I survived #thebeastfromtheeast (aka Storm Emma) last week. Now we are getting #thepestfromthewest, which will be bringing lots of rain to our area but warmer temperatures. Seriously, I just want one nice weather weekend to enjoy.


We got a Boy Scout Pinewood Car Derby on Saturday and on Sunday I am taking the kids to see A Wrinkle in Time. In between the chores, errands, and activities I hope to get through the year 1915 in Forgotten Voices from the Great War, some of The Irish Americans (it is so academically dry though...), and start Touching the Clouds. I also have a bunch of reviews to write and updating various reading trackers.


Happy Reading!

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review 2018-03-08 14:14
Review: Fangirl by Rainbow Rowell
Fangirl by Rowell, Rainbow (2014) Paperback - Rainbow Rowell

In Rainbow Rowell's Fangirl, Cath is a Simon Snow fan. Okay, the whole world is a Simon Snow fan, but for Cath, being a fan is her life—and she’s really good at it. She and her twin sister, Wren, ensconced themselves in the Simon Snow series when they were just kids; it’s what got them through their mother leaving.


Reading. Rereading. Hanging out in Simon Snow forums, writing Simon Snow fan fiction, dressing up like the characters for every movie premiere.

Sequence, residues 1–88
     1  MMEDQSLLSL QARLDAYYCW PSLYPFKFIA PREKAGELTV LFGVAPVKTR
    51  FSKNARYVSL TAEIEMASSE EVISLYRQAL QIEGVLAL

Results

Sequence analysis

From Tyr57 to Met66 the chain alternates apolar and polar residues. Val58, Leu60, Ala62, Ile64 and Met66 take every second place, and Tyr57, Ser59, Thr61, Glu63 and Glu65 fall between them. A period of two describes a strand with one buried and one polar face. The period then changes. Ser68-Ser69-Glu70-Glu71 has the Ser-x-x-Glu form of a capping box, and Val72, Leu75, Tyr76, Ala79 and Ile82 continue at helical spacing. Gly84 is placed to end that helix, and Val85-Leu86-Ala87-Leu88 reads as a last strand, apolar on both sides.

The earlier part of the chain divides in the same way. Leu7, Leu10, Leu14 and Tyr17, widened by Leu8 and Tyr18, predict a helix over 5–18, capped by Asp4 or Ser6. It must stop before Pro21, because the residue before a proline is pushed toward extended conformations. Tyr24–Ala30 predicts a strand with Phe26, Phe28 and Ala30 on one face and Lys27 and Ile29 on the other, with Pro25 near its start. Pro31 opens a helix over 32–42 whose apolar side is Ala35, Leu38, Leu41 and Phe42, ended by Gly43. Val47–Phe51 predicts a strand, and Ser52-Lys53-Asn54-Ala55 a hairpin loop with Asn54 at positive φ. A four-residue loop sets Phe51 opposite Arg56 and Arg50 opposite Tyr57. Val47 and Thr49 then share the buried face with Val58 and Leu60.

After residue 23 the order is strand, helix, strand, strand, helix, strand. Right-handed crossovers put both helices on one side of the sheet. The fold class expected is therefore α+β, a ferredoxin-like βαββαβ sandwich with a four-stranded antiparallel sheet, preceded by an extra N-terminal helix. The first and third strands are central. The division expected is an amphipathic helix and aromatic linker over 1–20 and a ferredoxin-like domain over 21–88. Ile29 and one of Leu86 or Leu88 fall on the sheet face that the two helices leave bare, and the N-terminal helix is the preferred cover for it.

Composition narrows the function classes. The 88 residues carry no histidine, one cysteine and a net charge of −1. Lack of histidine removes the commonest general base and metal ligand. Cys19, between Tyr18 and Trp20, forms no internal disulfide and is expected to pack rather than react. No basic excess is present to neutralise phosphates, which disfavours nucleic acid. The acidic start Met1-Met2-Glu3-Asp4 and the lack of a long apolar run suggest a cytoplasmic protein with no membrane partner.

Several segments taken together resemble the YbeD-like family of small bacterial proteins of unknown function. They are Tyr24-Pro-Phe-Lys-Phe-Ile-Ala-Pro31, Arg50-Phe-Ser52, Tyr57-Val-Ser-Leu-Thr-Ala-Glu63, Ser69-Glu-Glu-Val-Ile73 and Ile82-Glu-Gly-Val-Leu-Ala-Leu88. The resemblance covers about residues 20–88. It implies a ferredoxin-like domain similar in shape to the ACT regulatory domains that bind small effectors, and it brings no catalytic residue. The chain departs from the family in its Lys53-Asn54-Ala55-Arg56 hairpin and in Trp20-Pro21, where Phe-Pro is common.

Cath’s sister has mostly grown away from fandom, but Cath can’t let go. She doesn’t want to.


Now that they’re going to college, Wren has told Cath she doesn’t want to be roommates. Cath is on her own, completely outside of her comfort zone. She’s got a surly roommate with a charming, always-around boyfriend, a fiction-writing professor who thinks fan fiction is the end of the civilized world, a handsome classmate who only wants to talk about words . . . And she can’t stop worrying about her dad, who’s loving and fragile and has never really been alone.


For Cath, the question is: Can she do this? Can she make it without Wren holding her hand? Is she ready to start living her own life? Writing her own stories? Open her heart to someone? Or will she just go on living inside somebody else’s fiction?






I saw this book everywhere and hearing good things so I finally decided to pick it up. And I was not disappointed. It was also a bit different than I thought it be. I thought it would be more about her and the fandom of Simon Snow and it is to a point but mainly about Cath and her new life in college. Or trying to navigate through college and trying new to her things.

I love the relationship Cath has with her family , I love even more that the family is far from perfect. We have mom that left when they were little, some mental health issues with dad and then there are Cath and Wren with their own set of issues… I like how things are handled and how each of them deals in their way as well.

Obviously I loved the close relationship Cath has with Wren, but things start out very rocky for them and they have to work through some stuff. I really enjoyed all her relationships and people she met. Good and bad because that helped her grow and see things differently. Reagan, man I loved her. Yeah she was a bitch but she was a nice bitch and in the end looked out for Cath. I really enjoyed her.